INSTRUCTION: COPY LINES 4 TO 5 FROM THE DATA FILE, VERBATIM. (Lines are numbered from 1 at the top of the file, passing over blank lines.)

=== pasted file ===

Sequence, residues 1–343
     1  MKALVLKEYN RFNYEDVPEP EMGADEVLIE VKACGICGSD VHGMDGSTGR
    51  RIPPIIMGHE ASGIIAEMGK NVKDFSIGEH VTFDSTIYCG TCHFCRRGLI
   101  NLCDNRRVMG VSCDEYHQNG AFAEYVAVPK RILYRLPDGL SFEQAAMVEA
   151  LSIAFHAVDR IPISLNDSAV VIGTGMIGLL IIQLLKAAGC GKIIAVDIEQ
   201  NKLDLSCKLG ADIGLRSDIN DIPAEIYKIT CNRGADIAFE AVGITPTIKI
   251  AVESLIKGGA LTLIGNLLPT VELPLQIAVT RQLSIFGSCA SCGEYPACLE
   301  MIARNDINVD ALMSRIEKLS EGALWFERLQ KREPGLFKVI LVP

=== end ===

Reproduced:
   101  NLCDNRRVMG VSCDEYHQNG AFAEYVAVPK RILYRLPDGL SFEQAAMVEA
   151  LSIAFHAVDR IPISLNDSAV VIGTGMIGLL IIQLLKAAGC GKIIAVDIEQ